Westpac is considering additional security measures for its online banking system after a spate of security and availability dramas, including denial of service (DoS) attacks.
Just days after human error caused the bank's ATM, EFTPOS and online banking networks to fail, the bank has confirmed that its online banking system was crippled by a DoS attack.
The attack, on Thursday 7 June, caused the bank's online service to be shut down for three hours between 8pm and 11pm.
According to Westpac insiders, the problem was initially passed off as a hardware failure.
Three hours later it was discovered to be a Denial of Service attack -- caused by flooding of one of the open ports on an incoming router that carries Internet traffic.
Westpac spokesman David Lording has confirmed that the attack took place, but said that "Westpac firewalls were not breached and no fraud was committed".
"Rather it caused short term inconvenience to customers who could not access Internet banking," he said.
The National Australia Bank (NAB) experienced a similar attack in October 2006.
A ZDNet Australia source who works within Westpac's IT team, and who asked not to be named, said he suspects the attack was a probe to see how vulnerable the bank's security (firewall etc.) is.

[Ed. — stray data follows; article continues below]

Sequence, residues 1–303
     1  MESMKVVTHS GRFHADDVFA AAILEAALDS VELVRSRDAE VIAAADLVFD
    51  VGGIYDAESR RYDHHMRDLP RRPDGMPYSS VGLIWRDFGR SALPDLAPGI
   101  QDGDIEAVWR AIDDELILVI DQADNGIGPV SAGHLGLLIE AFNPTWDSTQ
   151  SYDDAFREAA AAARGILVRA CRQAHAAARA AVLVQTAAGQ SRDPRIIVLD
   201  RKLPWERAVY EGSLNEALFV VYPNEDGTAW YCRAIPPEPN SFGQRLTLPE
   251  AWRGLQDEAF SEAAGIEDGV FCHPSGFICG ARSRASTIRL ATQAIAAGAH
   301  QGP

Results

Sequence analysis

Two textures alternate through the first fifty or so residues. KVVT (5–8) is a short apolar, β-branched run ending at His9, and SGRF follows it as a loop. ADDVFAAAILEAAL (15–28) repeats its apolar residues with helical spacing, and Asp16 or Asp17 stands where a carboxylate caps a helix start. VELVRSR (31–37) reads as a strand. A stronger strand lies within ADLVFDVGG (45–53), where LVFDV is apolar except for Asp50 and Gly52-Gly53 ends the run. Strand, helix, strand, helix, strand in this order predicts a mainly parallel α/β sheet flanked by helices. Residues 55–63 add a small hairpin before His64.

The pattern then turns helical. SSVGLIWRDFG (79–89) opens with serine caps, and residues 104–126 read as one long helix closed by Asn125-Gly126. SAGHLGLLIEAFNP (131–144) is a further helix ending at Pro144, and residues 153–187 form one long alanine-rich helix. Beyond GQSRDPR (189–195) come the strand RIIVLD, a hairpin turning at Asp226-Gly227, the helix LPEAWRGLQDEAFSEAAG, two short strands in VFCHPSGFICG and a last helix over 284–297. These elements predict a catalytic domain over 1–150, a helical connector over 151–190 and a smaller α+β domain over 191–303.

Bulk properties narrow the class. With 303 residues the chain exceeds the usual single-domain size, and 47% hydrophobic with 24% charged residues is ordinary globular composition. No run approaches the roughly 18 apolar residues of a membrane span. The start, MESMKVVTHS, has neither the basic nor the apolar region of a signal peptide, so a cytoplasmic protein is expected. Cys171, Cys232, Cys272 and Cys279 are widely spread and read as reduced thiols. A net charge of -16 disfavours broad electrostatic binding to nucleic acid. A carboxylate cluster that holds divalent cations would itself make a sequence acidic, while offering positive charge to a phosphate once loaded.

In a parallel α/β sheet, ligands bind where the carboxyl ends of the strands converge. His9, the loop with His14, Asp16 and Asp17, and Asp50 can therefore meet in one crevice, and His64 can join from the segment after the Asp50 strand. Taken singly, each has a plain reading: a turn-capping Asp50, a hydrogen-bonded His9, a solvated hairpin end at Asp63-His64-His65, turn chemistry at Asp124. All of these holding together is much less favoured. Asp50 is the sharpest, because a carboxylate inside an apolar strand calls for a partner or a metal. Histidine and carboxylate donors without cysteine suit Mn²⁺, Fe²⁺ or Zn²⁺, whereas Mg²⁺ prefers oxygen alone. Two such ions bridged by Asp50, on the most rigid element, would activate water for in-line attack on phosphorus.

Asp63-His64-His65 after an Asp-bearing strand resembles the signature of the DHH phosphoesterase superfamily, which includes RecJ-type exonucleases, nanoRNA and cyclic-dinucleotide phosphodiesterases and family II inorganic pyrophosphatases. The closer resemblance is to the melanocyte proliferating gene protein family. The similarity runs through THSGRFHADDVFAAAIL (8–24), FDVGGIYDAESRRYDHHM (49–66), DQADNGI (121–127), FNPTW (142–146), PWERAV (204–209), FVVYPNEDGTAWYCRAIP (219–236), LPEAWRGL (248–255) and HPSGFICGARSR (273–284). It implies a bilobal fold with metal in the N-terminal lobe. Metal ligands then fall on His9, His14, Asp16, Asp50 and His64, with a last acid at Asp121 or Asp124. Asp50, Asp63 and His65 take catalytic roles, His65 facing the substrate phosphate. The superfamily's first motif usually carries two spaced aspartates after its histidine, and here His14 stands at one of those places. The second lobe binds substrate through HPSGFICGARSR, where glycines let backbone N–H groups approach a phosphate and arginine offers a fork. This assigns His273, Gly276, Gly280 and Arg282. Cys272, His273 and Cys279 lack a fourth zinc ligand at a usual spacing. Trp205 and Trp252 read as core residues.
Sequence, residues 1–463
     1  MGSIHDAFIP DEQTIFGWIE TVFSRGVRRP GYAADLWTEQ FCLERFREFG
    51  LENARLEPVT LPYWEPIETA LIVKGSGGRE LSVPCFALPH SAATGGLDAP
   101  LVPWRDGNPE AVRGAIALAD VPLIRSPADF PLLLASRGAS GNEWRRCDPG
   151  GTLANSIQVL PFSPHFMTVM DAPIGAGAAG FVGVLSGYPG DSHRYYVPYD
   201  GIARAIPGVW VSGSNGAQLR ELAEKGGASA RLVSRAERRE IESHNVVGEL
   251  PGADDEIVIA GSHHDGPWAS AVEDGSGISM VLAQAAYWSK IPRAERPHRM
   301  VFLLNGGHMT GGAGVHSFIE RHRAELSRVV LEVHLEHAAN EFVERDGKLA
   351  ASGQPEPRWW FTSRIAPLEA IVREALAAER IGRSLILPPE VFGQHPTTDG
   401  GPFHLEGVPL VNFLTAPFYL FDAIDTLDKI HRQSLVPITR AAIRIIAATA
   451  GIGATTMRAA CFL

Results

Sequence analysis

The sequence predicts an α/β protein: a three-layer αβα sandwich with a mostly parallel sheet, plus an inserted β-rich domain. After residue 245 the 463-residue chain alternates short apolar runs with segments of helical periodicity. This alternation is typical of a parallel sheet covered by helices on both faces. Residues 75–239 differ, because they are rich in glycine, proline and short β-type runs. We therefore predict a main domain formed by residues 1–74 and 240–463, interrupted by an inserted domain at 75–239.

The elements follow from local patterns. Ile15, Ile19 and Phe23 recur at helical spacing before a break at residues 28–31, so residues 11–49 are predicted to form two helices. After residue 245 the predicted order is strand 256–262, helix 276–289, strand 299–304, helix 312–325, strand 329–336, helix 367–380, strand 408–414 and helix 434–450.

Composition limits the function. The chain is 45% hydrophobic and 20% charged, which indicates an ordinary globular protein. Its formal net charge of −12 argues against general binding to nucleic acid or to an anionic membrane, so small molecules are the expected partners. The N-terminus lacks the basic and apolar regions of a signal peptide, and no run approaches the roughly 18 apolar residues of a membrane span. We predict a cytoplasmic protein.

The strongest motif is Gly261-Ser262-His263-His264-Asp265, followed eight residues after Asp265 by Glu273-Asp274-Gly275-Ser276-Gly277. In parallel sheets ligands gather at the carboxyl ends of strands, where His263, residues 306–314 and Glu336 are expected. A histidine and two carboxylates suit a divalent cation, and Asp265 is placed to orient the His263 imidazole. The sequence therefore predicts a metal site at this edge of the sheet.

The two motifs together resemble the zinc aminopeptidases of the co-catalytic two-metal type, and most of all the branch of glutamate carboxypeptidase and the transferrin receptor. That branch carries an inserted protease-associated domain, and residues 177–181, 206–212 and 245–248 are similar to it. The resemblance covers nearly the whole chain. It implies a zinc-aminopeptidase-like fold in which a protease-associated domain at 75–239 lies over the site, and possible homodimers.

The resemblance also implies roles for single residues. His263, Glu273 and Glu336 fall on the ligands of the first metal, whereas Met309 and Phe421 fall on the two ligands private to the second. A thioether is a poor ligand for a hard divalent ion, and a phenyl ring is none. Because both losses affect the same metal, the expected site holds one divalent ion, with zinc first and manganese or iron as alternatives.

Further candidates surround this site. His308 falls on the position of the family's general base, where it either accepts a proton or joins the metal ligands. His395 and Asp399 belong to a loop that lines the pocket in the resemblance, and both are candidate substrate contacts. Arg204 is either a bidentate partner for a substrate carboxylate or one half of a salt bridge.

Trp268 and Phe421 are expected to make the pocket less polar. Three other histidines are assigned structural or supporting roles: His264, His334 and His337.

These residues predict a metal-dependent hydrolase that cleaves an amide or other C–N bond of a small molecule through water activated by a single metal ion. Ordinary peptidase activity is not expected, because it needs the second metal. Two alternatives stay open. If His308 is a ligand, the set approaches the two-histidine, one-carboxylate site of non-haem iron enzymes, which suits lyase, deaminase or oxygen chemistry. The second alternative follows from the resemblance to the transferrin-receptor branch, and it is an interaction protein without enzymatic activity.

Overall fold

"We are waiting for a possible larger attack," he said. "I can't see why [the culprit] would want to attack us with something we can easily shutdown. All they need to do is change the attack to a port that we must have open, such as HTTP or HTTPS."
The source said typically 1000 users are online during the hours of 8pm and 11pm -- the time of the DoS attack.
"Our Information Security Group (ISG) were completely unprepared for this and didn't know the procedures that should be followed," he added.
The bank is now evaluating several new security options to bolster its defences against online attacks.
While "no decisions have yet been finalised", Lording says the bank is considering the use of SMS authentication as an additional security measure to the current password-based system.
"We are looking at [SMS authentication] in conjunction with tokens," he said. "We already have 100,000 tokens in use by business banking and high-transaction customers."
Westpac security woes
Westpac has had its share of security and availability issues in recent months. Earlier in June, its 16,500 Automatic Teller Machines, EFTPOS network, online banking and several bank branches were crippled by a power outage.
The power outage was caused by human error -- staff from IBM Global Services mistakenly cut power within the bank's Ryde datacentre while providing maintenance work on a UPS (Uninterruptible Power System) device.
And last month, Westpac had to block 900 customer cards after a skimming device was located in the ATM machine of a Melbourne branch. The scam took a total of AU$100,000 from 75 Westpac customer accounts.
The official line from Westpac is that the level of Internet fraud in the banking sector remains "relatively low".
The bank's introduction of a floating keypad on its online banking login screen to protect users from keystroke logging Trojans has been "very affective in reducing fraud", Lording said.
But ZDNet Australia's source suggests the bank might be putting a brave face to a growing problem.
"The fraud losses have been growing over the past six months," he said.
ZDNet Australia's Brendon Chase contributed to this story.